You toil over a hot keyboard fry your brain to get the words ‘just right’ and announce your writings to the world. Only to find that within a short period of time someone has stolen your hard work! What can you do about it?
Firstly I have to say that the instant you create anything, YOU own copyright to that material. Technically you own intellectual property rights on it. These are legally enforceable rights that YOU as the owner can enforce.
Anyone concerned about content being stolen should use www.copyscape.com. this will throw up any duplicate content issues. Then you will know the site that has stolen your content.
You now need to track them down. find out
1. their domain name
2. the owner of the domain and admin contact
3. the name-servers and hosting companies name
all the above are public record from a web search at any registrar.
http://whois.com/ will provide info on top level domains http://www.nominet.org.uk/ will give you UK domain information. The information however is available across the web from many domain resellers also.
Armed with this you send the owner and registered technical contact a polite but firm email telling them the content is stolen, and that you want it removed within 7 days (polite) . It is important here that you are absolutely specific about urls, text etc, and go into specifics.
Continue listing until you have detailed every infringement, including images (use file-names etc) This is important, because unless you are specific they will not know where the dispute starts and ends, and this will be a good enough defence for not taking action.
Tell them politely that as the copyright of the content is yours, you intend to enforce your legal rights should they not take the requested action within the agreed time. The action will begin with the following, and will also result in a legal claim for damages.
1. file an action with Google and other search engines to remove the illegally promoted material under a DMCA report http://www.google.com/dmca.html . Explain that the outcome of this will be that likely ANY AND ALL potentially stolen content will be removed. however, that said that Google normally just remove the entire site if it is carrying illegally used copyrighted material.
2. File an action with their hosting company (name them here from the information above) explaining that they are jointly liable for illegally distributing copyrighted material. Point out to the individual who is using your material that this is no different to the cases involving Napster etc, and is big news, as a result of these cases, hosting companies are unwilling to get drawn into legal disputes, and will simply close accounts. This would mean that not just THIS site would go offline, but ALL their sites hosted by that company will possibly go offline.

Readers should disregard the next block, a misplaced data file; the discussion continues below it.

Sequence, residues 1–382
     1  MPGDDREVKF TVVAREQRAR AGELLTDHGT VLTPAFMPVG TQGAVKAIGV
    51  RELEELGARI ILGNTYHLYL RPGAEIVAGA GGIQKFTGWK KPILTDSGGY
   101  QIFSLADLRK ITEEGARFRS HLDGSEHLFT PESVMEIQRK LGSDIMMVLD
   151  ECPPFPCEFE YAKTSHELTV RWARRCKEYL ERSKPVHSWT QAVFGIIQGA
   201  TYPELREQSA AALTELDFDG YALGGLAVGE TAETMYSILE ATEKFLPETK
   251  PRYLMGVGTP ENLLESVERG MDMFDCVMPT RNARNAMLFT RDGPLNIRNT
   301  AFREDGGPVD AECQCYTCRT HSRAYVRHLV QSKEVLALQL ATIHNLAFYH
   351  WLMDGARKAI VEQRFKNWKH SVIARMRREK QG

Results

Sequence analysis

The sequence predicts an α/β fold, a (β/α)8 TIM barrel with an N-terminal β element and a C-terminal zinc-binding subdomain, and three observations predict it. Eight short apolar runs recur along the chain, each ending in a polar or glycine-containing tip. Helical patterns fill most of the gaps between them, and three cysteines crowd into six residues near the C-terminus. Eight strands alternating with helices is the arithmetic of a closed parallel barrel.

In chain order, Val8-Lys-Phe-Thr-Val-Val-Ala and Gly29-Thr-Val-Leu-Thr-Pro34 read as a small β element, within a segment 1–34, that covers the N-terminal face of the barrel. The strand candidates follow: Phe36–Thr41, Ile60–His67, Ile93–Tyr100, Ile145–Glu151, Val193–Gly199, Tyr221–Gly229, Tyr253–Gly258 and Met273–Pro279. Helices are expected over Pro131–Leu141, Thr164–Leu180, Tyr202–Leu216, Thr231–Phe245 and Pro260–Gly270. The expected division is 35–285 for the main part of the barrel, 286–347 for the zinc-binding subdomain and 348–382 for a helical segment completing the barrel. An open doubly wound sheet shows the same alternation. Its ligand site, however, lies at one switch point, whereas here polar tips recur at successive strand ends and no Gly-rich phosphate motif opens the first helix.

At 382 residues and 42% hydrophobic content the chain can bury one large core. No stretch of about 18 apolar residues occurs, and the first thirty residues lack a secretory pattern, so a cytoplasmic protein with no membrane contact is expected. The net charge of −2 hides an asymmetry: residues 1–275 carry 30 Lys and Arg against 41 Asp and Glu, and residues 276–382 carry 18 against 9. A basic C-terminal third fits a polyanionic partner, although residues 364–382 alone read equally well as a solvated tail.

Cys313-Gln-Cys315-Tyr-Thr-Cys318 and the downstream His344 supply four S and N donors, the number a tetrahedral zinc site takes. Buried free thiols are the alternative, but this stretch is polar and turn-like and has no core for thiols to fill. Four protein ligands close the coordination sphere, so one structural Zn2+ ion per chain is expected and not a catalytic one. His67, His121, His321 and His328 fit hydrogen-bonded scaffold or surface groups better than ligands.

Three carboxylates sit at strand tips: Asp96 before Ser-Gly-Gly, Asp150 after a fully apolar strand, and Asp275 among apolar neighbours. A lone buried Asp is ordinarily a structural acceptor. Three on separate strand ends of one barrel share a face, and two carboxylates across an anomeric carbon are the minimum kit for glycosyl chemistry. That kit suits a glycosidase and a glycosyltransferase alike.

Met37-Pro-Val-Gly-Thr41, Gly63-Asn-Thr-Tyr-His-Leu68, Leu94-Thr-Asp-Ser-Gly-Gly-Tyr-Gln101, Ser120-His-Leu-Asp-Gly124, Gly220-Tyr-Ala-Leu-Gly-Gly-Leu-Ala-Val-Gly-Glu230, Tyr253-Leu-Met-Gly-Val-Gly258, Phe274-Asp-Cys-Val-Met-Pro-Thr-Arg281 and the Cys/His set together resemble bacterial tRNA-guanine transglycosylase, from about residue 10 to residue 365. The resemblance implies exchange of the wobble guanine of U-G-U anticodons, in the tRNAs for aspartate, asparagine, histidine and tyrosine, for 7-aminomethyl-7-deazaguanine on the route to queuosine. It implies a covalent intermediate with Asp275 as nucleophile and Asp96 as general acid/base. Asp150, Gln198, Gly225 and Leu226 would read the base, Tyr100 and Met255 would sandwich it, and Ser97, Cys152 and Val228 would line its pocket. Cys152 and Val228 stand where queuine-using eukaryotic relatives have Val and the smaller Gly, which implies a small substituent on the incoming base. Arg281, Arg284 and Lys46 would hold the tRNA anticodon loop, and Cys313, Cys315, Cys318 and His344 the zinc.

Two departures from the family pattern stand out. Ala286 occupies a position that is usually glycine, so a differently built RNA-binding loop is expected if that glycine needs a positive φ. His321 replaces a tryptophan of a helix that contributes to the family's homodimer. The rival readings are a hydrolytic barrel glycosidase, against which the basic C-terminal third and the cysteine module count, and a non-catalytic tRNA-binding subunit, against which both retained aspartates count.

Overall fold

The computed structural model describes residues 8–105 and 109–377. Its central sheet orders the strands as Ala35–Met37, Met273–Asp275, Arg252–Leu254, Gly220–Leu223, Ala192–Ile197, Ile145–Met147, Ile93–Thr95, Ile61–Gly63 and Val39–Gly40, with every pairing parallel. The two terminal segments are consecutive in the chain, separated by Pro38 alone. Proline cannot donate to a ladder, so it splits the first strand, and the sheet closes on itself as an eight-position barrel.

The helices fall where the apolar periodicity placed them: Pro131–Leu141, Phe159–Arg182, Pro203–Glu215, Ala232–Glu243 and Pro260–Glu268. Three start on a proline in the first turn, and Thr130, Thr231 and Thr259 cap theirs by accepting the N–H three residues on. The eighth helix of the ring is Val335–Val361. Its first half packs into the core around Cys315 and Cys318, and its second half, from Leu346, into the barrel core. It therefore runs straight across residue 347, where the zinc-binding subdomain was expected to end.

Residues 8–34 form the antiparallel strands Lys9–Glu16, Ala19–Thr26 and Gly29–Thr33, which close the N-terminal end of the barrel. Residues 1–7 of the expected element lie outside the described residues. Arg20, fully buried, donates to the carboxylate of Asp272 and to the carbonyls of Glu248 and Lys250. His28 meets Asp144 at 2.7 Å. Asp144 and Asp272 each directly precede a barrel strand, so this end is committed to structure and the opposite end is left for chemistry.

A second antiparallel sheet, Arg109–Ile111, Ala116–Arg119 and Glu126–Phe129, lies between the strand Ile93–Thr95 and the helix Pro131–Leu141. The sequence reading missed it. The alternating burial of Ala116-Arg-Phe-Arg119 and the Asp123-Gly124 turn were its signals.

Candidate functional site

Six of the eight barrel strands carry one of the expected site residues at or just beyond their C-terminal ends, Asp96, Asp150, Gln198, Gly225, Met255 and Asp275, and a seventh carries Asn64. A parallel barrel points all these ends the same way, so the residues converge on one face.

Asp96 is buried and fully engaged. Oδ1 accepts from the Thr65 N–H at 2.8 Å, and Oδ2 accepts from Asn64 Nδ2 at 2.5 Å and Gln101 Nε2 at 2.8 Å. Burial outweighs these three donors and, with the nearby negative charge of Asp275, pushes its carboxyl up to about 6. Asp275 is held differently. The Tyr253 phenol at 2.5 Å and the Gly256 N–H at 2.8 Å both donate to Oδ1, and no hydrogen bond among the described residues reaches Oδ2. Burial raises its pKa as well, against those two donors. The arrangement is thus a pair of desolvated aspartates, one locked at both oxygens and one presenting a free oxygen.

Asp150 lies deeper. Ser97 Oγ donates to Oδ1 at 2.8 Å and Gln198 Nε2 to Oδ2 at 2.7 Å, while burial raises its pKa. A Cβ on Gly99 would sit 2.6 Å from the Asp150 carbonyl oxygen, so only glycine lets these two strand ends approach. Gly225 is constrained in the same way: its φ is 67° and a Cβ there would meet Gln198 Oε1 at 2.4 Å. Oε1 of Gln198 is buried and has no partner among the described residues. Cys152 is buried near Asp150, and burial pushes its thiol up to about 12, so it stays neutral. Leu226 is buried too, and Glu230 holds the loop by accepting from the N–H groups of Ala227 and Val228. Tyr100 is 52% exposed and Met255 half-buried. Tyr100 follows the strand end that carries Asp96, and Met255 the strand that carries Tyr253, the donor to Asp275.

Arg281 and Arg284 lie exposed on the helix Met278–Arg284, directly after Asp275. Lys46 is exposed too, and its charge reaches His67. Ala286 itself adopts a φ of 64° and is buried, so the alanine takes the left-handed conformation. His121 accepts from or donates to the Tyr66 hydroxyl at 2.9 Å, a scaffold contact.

CC the email to email@example.com & the hosting companies involved. this gives them advance notice of your intentions, as well as a point in time for action to begin. Although Google will likely take no notice of your email, it will show your intent to the thief, and also count as a time referenced correspondence.
In most cases the material will be removed. On thing one must keep in mind is that the owner of the site may be 100% innocent (or at least innocently unaware) that anything underhand has been done. I had a case last year where we were getting traffic to our site from an odd domain. I checked it through, and it turns out that someone had stolen my clients website. It was not a particularly good piece of theft, as the thieves has left hard-coded elements there (hence the referencing of our files).
I contacted the owners (as it was UK I telephoned them) At first the owner was a little aggressive telling me that the site was 100% his, he had paid damn good money for this site etc. When I explained to him the situation, showed him the original website, and pointed out the references to the original site in the code, he went into orbit. Not at me, but at the design company he used. It turned out that he had given the job to a local designer, who in turn had farmed it out to a company in India, who had simply carried out a search and stolen the site.
The owner of the site was innocent, the local designer was guilty of some flanneling, and the company in India were the guilty party. In law of course they were ALL guilty, but the site was taken down, and redesigned, and the outcome was good. The ironic thing in all this was that the company who stole the site, actually paid more for the stolen site than my client had paid to have the site designed in the first place.
Not all cases resolve like this however, and many will just tell you to get lost. In this case, file the DMCA action, notify the hosts, and send out a follow up letter. Apart from that, keep focused on building your own business, as far too many people waste time and effort chasing down minor problems like this at the cost to their core business.